Source

 
tetsabb
1284521.  Sat May 19, 2018 12:11 pm Reply with quote

And the Quechua are welcome to take back their quinoa...

 
Alfred E Neuman
1284527.  Sat May 19, 2018 2:23 pm Reply with quote

... but we'll keep the cocaine?

 
Brock
1284549.  Sun May 20, 2018 3:00 am Reply with quote

AlmondFacialBar wrote:

In the German liturgical calendar, even the evangelic version, the Sundays are still known by their full Latin names. Hence we also have Quinquagesimae (fifty days before Easter) and Quadragesimae (forty days before Easter) - neither of which actually are that amount of time before Easter.


Quinquagesima (as it's generally spelt in England), meaning "fiftieth", occurs seven weeks before Easter. So it's the fiftieth day before Easter if you adopt the Roman practice of "inclusive counting", where the days at both the beginning and the end of the period are included. (It's the same basis on which English "fortnight" corresponds to French "quinzaine".)

Quadragesima ("fortieth") is six weeks before Easter, but also forty days before Good Friday, which may be the basis for the name. However I can see no obvious justification for Sexagesima ("sixtieth") and Septuagesima ("seventieth"), which occur eight and nine weeks before Easter respectively. I presume the names arose by analogy.

 
DVD Smith
1286068.  Tue Jun 05, 2018 10:45 am Reply with quote

A quakebuttock is an old English word for a coward.

https://www.merriam-webster.com/words-at-play/noun-plus-verb-rare-obscure-insult-generator/quakebuttock

 
DVD Smith
1286935.  Fri Jun 15, 2018 10:26 am Reply with quote

A bunch of 18th/19th-century insults and slang, courtesy of the Classical Dictionary of the Vulgar Tongue from 1788-1823:

"(In the reign of) Queen Dick" - Never.

Queer as Dick's Hatband - Suffering from an as-yet-undiagnosed illness.

Queer plunger - Con artist who would throw themselves in a river and are then "rescued" by a friend, who takes the 'plunger' to a local hospital for drowned people, where they are rewarded with money the friend for the rescue, and the 'plunger' as an encouragement to dispel any more 'suicidal' thoughts. (More info here - [1] [2])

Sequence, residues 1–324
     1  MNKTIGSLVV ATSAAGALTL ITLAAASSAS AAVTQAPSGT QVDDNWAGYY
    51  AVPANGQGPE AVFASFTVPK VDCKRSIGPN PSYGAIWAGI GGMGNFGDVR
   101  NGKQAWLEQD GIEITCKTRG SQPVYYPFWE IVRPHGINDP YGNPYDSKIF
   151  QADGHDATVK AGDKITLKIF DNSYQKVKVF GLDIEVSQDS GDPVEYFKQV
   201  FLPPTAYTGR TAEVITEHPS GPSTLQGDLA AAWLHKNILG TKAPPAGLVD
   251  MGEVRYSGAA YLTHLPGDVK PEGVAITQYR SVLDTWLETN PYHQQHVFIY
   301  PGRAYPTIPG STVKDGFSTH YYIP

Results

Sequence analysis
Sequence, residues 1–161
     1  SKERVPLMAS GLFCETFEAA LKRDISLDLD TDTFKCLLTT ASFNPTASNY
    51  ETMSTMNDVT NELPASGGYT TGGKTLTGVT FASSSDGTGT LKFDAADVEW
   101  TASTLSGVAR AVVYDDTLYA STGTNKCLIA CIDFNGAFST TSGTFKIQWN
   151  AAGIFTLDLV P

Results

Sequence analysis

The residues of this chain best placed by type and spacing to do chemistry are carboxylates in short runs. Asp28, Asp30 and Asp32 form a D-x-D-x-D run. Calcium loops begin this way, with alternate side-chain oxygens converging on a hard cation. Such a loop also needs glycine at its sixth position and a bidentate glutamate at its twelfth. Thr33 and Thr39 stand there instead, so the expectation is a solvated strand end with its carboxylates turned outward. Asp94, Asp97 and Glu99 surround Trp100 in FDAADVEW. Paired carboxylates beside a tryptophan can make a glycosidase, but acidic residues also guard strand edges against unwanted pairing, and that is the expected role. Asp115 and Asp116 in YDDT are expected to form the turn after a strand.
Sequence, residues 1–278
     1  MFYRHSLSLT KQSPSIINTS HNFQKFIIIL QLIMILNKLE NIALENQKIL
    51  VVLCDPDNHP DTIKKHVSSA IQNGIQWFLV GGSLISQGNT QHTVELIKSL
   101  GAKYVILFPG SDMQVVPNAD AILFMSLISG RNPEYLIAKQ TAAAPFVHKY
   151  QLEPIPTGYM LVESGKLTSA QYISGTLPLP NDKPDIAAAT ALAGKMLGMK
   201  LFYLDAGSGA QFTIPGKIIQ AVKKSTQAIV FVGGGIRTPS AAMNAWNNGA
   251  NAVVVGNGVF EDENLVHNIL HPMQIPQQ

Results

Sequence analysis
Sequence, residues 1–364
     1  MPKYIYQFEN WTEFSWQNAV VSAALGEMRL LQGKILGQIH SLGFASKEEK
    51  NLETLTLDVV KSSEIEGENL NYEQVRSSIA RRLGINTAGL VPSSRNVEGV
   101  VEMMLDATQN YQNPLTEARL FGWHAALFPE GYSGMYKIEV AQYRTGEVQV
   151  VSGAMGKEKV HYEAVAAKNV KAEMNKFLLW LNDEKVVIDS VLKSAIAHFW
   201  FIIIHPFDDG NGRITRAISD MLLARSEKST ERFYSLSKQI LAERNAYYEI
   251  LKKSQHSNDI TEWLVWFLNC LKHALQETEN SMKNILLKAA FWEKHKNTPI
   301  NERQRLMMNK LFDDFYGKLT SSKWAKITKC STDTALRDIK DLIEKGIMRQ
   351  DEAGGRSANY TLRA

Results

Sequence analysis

Queer rooster - One who eavesdrops on thieves by pretending to be sleeping.

Quilldriver - A (much more badass) term for a scribe.

 
bobwilson
1287095.  Sat Jun 16, 2018 5:55 pm Reply with quote

Quote:
Gas! GAS! Quick, boys! An ecstasy of fumbling,


Probably the most evocative line in English poetry - EVER - (well, imo).

 
Bondee
1287108.  Sun Jun 17, 2018 4:20 am Reply with quote

Queynte.

Chaucer would probably think I was a bit of a cunt if I didn't mention it.

 
Gabby Lister
1287146.  Sun Jun 17, 2018 8:47 am Reply with quote

Quaff-tide - meaning the season for drinking
Quackhood - 18th century word, the state of being a "quack"

https://en.wiktionary.org/wiki/quackhood

https://www.wordsandphrasesfromthepast.com/blog/quaff-tide

http://mentalfloss.com/article/64012/40-quirky-q-words-add-your-vocabulary

 
DVD Smith
1290302.  Mon Jul 16, 2018 10:56 am Reply with quote

Quinzhee - An igloo-like structure made of soft, loose snow.

Quadrophobia - Like tetraphobia, the fear of the number 4. (More QI stuff about this phobia here.)

Quiggly hole - A round hole in the ground indicating the presence of an old structure built by indigenous natives of British Columbia, Canada.

Quadrophenia - A four-way split personality, via a distortion of "schizophrenia". Coined by Pete Townshend for the Who album of the same name.

Quire - A bundle of twenty-four (or sometimes just four) sheets of paper.